INDEPENDENT MEDIA by Steve Anderson
On the brisk morning of October 21, a vanguard of media innovation made its way into CBC/Radio-Canada’s Annual Public Meeting (APM) in Vancouver. The plan was unspoken, but each of the wry smiles we exchanged was more than enough to acknowledge our purpose. After all, although insidious, our goal was quite simple: infiltrate the CBC and make it more community based, participatory and awesome.
Not long into the meeting, executives of the Canadian Broadcasting Corporation described their network as a “public space.” They also noted that Canada is at the centre of a revolution in media, with more opportunity for citizen participation than ever before. “We want what Canadians want,” said Hubert Lacroix, CBC’s president and CEO, “a vibrant CBC/Radio-Canada that gives voice to a creative nation.”
Wait a second, were they on to us? They were speaking our language, but why?
While there was evidence of a shift in thinking at the CBC, it didn’t feel tangible enough to satisfy us. We mingled with local CBC personnel after the event. Several of us innocent looking “citizens” encircled a CBC person and repeated our propaganda points while trying to avoid revealing our secret plan to make the CBC more awesome.
“One of the best ways to ensure the CBC’s survival and growth is for it to be more community based,” one of us said earnestly. “Yes, why not partner with community groups to cover local stories?” another blurted out. “Use web tools to engage people and provide a platform for creativity and dialogue,” another chimed in.
I motioned for us to make our way to door – we’d done all we could here.
But our work wasn’t finished yet. We needed to find out if there were people on the inside that agree with our media awesomeness ideology. We needed a champion of media innovation.
We set out to find an open minded CBC person we could invite into our Fresh Media community, and evaluate. We chose Steve Pratt, director of CBC Radio 3 and CBC Digital Programming. We would host him at our next Fresh Media ReMixology event.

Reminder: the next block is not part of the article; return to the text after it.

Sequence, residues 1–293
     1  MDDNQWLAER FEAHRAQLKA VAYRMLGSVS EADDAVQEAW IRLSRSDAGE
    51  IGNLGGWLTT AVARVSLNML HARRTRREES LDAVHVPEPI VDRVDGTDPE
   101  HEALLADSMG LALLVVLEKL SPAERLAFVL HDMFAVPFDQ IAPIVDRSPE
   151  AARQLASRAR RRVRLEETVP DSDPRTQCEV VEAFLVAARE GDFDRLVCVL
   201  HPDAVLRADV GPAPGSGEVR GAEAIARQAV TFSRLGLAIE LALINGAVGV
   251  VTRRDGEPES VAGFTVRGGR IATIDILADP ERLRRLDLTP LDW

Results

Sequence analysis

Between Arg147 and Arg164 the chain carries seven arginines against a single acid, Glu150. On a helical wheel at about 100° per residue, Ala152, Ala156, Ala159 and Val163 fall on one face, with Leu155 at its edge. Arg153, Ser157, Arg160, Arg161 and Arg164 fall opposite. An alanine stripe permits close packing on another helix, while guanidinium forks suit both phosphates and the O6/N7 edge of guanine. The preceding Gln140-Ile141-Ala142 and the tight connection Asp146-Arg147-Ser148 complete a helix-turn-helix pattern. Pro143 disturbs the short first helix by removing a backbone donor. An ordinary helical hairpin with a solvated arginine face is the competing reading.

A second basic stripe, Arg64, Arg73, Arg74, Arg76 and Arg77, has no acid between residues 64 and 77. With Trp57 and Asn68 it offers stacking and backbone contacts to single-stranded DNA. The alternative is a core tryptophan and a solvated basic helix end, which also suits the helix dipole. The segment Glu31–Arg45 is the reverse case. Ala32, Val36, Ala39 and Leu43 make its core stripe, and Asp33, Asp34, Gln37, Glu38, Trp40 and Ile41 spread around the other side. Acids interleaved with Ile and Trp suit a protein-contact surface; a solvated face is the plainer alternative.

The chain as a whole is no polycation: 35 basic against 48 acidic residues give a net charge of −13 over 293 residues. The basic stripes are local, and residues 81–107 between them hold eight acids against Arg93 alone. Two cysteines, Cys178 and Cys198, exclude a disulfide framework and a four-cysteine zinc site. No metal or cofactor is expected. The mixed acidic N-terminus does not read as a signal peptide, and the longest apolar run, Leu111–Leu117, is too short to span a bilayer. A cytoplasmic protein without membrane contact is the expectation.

At 5 PM on November 8, the festivities began, including live DJs, a Twitter wall that displayed comments from the audience and the Internet, a live web TV feed that permitted any one on the web to watch and comment on the talk and a cash bar and snacks. Would it all prove to be just too awesome for Pratt to handle? It turns out not.
Pratt said things like, “Turn the keys over to the audience and start empowering the audience to help each find what they want… and to give up control.” Pratt also talked about Radio 3, noting, “It is an innovation centre for the public broadcaster,” adding “We’re not a radio station, we’re a music discovery service.”
He may not have known it at the time, but Prattt was one of us – a Freshie as we sometimes call ourselves. Turns out we have a whole project within the CBC that has put innovation and participation at the forefront of their operation.
The best way for the CBC to ensure its survival is to build a community of supporters that truly has a sense of ownership over the organization. As Pratt says, “Empower the people and you’ll get a level of trust and ownership you never thought possible.”
Lets not sit on the sidelines and wait for the CBC to move in the right direction. If we believe in the potential of public media in a digital era, it’s our responsibility to do our part to ensure that potential is realized. It’s through engaging with the CBC, particularly the elements most conducive to participation, that will enable it to act as an open platform for media innovation and community collaboration.
Let’s infiltrate the CBC with awesomeness.
Steve Anderson is the national coordinator for the Campaign for Democratic Media. He has written for The Tyee, Toronto Star, Epoch Times and Adbusters.